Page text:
An independent global citizenship without a local component and in the absence of the much-feared global government creates two concerns. One, an individual may imperil the rights of others, without a structure that can impose sanctions for the heinous conduct. Two, an individual's rights may be imperiled, and there may be no entity to provide protection. This essay proposes a model of a formal global citizenship that will alleviate these concerns and prove both practically and theoretically feasible. The model flows from the concept of dual or multiple nationality and offers global citizenship only as an elective nationality. Such citizenship would co-exist with the nationality acquired by birth or naturalization, thereby guaranteeing that at least one nation-state always has the ultimate responsibility for the individual. At the same time, by providing for careful considerations on who may acquire global citizenship, the value and meaning inherent in citizenship can be preserved and enhanced. Indeed, the idea of a global citizenship that is a formalized development emerging from the human rights tradition can be a foundation for the attainment of full personhood by those marginalized or disempowered within their own or foreign national borders -- the poor, racial and ethnic minorities, indigenous populations, and women who at present lack equal status in any local or global community.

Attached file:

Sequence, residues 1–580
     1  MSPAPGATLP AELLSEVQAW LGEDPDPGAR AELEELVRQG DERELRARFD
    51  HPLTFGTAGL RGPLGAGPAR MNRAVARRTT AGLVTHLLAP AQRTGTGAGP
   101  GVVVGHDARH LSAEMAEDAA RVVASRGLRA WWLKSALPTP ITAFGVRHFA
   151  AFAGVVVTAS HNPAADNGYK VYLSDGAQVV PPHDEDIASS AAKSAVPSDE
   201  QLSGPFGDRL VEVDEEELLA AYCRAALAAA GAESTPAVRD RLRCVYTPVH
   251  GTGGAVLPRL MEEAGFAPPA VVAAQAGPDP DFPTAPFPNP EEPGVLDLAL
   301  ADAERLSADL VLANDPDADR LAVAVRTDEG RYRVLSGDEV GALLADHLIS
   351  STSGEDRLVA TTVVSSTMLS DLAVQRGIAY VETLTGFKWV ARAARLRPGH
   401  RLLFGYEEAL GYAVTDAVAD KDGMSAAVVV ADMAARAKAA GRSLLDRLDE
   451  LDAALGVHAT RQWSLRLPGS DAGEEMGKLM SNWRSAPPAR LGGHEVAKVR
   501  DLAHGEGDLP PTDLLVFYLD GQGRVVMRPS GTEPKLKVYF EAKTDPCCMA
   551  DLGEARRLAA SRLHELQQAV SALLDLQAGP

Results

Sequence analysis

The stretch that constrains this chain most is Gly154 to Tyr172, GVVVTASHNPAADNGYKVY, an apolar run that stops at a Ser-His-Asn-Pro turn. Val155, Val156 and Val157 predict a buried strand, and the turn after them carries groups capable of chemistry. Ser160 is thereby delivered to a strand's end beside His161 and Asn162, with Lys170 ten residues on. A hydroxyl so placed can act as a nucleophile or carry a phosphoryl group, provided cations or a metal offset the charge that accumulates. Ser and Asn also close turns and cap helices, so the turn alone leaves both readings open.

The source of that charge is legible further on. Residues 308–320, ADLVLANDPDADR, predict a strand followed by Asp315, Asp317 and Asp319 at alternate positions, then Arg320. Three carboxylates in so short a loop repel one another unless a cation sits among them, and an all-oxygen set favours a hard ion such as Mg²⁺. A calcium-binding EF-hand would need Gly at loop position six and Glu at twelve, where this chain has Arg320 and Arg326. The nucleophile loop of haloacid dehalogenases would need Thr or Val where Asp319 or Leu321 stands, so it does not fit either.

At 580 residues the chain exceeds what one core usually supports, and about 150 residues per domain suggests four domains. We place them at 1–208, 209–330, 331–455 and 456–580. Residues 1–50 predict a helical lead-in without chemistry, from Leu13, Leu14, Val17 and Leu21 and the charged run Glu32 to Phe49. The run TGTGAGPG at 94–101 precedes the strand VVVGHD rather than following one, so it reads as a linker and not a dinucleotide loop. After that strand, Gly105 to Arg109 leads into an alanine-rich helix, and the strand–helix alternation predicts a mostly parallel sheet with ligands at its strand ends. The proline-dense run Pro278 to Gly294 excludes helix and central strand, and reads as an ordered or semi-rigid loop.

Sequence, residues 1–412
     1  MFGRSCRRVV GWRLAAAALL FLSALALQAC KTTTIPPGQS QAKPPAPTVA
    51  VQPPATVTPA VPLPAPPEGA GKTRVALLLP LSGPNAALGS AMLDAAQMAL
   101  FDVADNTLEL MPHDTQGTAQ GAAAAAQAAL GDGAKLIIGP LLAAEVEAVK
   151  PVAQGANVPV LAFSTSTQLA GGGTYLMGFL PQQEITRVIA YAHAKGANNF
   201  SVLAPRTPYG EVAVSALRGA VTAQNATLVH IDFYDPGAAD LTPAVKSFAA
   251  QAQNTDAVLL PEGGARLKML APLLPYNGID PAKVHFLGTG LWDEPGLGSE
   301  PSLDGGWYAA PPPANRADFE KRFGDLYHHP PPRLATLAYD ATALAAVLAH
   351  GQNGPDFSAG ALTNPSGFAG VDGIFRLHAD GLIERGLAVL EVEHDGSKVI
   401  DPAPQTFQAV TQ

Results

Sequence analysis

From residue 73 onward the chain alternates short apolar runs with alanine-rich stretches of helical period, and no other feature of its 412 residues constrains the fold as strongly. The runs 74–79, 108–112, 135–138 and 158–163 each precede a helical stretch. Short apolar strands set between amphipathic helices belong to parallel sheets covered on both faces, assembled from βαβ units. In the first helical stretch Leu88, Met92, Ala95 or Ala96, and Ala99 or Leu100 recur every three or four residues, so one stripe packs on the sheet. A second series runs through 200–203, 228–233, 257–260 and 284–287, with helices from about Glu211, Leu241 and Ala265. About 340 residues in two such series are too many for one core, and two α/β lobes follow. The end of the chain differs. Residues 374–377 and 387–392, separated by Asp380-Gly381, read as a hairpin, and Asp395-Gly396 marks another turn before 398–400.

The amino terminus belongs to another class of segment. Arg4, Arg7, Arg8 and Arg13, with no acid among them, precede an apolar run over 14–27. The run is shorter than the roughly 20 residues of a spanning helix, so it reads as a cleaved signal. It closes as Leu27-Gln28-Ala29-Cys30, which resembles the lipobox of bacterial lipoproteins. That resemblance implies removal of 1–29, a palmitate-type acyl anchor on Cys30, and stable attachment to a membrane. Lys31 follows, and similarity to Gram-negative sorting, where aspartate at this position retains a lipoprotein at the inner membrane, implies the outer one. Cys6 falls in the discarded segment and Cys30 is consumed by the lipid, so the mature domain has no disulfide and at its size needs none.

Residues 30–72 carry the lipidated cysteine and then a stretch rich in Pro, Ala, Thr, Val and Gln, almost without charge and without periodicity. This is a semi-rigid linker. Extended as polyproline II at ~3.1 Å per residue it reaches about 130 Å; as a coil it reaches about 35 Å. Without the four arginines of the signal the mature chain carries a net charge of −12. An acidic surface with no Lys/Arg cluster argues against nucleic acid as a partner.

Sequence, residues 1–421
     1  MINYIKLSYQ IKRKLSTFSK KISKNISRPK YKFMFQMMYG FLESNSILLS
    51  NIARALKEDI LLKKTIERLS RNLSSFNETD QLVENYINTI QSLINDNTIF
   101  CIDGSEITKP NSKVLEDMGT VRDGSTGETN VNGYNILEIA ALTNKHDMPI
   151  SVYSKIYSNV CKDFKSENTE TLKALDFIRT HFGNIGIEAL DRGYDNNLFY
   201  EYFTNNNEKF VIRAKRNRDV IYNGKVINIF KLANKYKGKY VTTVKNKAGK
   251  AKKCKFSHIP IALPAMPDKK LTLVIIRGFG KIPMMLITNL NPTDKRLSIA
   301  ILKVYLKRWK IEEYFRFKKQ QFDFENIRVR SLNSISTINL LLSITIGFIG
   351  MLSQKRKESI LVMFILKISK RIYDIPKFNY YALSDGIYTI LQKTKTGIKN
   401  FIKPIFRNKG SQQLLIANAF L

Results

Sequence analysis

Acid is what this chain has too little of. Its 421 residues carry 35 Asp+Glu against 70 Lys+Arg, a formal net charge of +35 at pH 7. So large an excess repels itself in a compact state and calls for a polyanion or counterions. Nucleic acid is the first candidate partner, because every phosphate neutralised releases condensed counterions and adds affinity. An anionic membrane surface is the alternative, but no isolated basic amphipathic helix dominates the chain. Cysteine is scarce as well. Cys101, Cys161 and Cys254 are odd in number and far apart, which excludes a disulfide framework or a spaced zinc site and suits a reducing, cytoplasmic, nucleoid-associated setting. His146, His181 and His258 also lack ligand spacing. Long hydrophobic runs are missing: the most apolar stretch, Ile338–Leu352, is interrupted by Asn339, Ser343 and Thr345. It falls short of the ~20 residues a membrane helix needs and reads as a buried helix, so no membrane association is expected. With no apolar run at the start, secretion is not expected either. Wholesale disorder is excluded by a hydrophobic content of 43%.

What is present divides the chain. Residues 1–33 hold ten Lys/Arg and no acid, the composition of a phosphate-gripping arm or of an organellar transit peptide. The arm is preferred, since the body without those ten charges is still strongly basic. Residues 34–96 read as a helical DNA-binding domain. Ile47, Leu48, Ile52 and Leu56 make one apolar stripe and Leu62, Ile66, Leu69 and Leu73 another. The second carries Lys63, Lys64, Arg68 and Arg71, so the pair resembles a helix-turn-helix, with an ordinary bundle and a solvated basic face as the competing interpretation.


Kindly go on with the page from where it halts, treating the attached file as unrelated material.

Berta Esperanza Hernández-Truyol & Matthew Hawk, Traveling the Boundaries of Statelessness: Global Passports and Citizenship, 52 Clev. St. L. Rev. 97 (2005), available at http://scholarship.law.ufl.edu/facultypub/194